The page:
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The practice of network security monitoring : understanding incident detection and response
Bejtlich R., No Starch Press, San Francisco, CA, 2013. 376 pp.  Type: Book (978-1-593275-09-9)
Date Reviewed: Feb 10 2014

I reached for this book because I am one of those readers who needs what it offers. That is, I wanted to learn about network monitoring to improve its security. As the author advises on several occasions, the book is aimed at those professionals who deal with computer security but want to expand their practical knowledge and improve skills. Having read the previous book by this author on the same subject [1], I was curious to see how some of its deficiencies (such as somewhat inconsistent definitions, weak theorizing, and so on) were addressed in this new publication.

The definition of network security monitoring (NSM) was carried over from the previous book: NSM is “the collection, analysis, and escalation of indications and warnings to detect and respond to intrusions.” What intrigues me in this wording is the use of the word “escalation.” I haven’t figured out how it fits in and don’t think it is necessary. It is explained in the book as “the act of notifying a constituent about the status of a compromised asset” (page 188), so it would appear to mean nothing more than sending out notifications or reporting results. But, putting this aside, it must also be noted that, in the author’s view, NSM doesn’t just mean plain traffic monitoring, as one might think. NSM deals with the use of products such as an intrusion detection system to generate alerts, as well as people to respond to security alerts and breaches, and processes to guide people in making decisions and taking actions.

The book is extremely well organized. It comprises 13 chapters, divided into four parts. Part 1 is very well written and presents the rationale and guide for using NSM, describing how to understand traffic flow and, in particular, where to install observation points (soft sensors), how to monitor the network physically, and how to select NSM platform tools. It offers some management recommendations and formulas for the size of storage and memory required for NSM. It adequately sets the foundation for understanding the rest of the material.

Part 2 is much less inspiring because it simply discusses technicalities (albeit necessary ones) on how to build an NSM platform based on the Security Onion (SO). SO is essentially an operating system related to Ubuntu Linux, which forms an environment for using the NSM tools. In this edition, the author departs from FreeBSD, which was the operating system of choice in the earlier book.

Part 3 describes tools for NSM, divided into three categories and outlined in their respective chapters: command line packet analysis tools (such as tcpdump), graphical user interface (GUI) packet analysis tools (such as Wireshark), and complete NSM consoles (Sguil is a basic example). Finally, Part 4 discusses techniques and related case studies; how to apply the NSM with server-side compromise, client-side compromise, proxies, and checksums; and extending SO features to better use its functions.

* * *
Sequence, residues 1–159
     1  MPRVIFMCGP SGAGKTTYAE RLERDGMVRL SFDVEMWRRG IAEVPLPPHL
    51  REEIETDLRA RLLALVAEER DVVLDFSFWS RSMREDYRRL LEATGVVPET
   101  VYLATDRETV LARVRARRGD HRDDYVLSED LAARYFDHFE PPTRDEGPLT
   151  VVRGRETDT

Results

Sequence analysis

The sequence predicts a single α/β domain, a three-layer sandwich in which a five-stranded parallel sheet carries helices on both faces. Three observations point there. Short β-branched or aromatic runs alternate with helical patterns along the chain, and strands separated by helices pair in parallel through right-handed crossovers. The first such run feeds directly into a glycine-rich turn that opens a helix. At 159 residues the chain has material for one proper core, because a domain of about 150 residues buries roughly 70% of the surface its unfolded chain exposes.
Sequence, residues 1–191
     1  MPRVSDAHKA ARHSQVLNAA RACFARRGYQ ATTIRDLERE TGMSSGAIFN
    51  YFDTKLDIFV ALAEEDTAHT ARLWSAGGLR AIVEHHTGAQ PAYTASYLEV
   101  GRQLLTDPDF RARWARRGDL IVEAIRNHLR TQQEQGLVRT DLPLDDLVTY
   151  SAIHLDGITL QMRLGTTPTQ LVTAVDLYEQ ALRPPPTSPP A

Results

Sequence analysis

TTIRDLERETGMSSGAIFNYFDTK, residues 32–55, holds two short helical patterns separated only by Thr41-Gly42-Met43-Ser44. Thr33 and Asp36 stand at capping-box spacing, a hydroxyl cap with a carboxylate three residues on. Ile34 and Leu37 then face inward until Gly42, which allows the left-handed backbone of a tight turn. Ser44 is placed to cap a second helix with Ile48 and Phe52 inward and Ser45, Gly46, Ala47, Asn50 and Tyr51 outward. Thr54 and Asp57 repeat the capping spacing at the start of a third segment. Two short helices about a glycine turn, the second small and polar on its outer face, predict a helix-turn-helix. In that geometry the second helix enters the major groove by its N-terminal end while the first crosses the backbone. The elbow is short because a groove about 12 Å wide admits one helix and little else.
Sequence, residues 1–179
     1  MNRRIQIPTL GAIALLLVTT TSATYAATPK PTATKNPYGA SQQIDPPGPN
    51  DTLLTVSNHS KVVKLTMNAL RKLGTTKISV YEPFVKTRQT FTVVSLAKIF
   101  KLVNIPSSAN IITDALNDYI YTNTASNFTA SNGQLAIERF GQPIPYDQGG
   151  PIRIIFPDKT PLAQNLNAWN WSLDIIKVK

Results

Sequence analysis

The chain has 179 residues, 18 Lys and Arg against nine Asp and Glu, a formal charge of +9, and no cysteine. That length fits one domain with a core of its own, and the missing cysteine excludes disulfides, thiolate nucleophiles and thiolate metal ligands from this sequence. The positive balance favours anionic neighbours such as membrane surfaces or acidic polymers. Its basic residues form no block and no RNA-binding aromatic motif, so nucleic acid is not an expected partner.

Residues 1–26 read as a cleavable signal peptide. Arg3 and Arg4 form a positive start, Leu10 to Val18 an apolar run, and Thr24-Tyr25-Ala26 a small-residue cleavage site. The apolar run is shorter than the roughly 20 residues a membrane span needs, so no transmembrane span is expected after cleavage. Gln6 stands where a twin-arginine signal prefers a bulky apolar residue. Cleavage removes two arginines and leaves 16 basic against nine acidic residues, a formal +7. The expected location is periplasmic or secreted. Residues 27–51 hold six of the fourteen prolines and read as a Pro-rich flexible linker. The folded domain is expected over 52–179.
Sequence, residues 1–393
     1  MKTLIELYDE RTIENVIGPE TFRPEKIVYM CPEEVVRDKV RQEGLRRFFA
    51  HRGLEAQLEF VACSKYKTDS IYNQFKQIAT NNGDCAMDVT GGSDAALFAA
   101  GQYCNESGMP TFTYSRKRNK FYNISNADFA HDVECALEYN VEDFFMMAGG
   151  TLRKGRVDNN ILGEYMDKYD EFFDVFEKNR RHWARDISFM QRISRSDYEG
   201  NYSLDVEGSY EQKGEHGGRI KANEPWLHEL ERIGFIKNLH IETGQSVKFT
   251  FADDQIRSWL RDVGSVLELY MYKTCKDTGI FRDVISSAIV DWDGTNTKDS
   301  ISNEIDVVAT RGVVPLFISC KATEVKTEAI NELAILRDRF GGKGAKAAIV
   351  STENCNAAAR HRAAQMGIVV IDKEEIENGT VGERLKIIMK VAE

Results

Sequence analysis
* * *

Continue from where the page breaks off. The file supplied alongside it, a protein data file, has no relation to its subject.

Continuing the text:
I would note that the fundamental principle of the book involves reactive security measures, as opposed to preventive measures. The author’s philosophical assumption that “prevention eventually fails” is a very important design consideration and has held sway in computing over the years. It first struck me explicitly when I encountered Ian Pyle’s book [2], in which he stated that programming language exceptions are necessary because “every action may fail.” Naturally, in practice, both approaches, preventive and reactive, are complementary, but it must be stressed that this book advocates the latter.

Comparing this book to the author’s previous publication, I found two major differences in addition to changing the platform from FreeBSD to SO. The current book is much better organized and selects and discusses significantly different tools, which is quite obvious, since they have drastically changed over the last decade. Other differences include dropping the 60-page discussion of literature, and sensitizing the reader to the legal issues involved with observing network traffic.

Overall, the author is very well informed and undoubtedly did his homework as a practitioner. The book delivers on the author’s promise and shows real professionalism in conveying his deep knowledge to the reader.

Being both an academic and a professional sensitive to practical matters, I must say that the book definitely met my expectations in terms of the content and the level of the material. It will be a useful addition to the library of every professional interested in network security.

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Reviewer:  Janusz Zalewski Review #: CR141990 (1405-0295)
1) Bejtlich, R. The Tao of network security monitoring. Addison-Wesley, Boston, MA, 2005.
2) Pyle, I. C. The Ada programming language. Prentice Hall, Englewood Cliffs, NJ, 1981.
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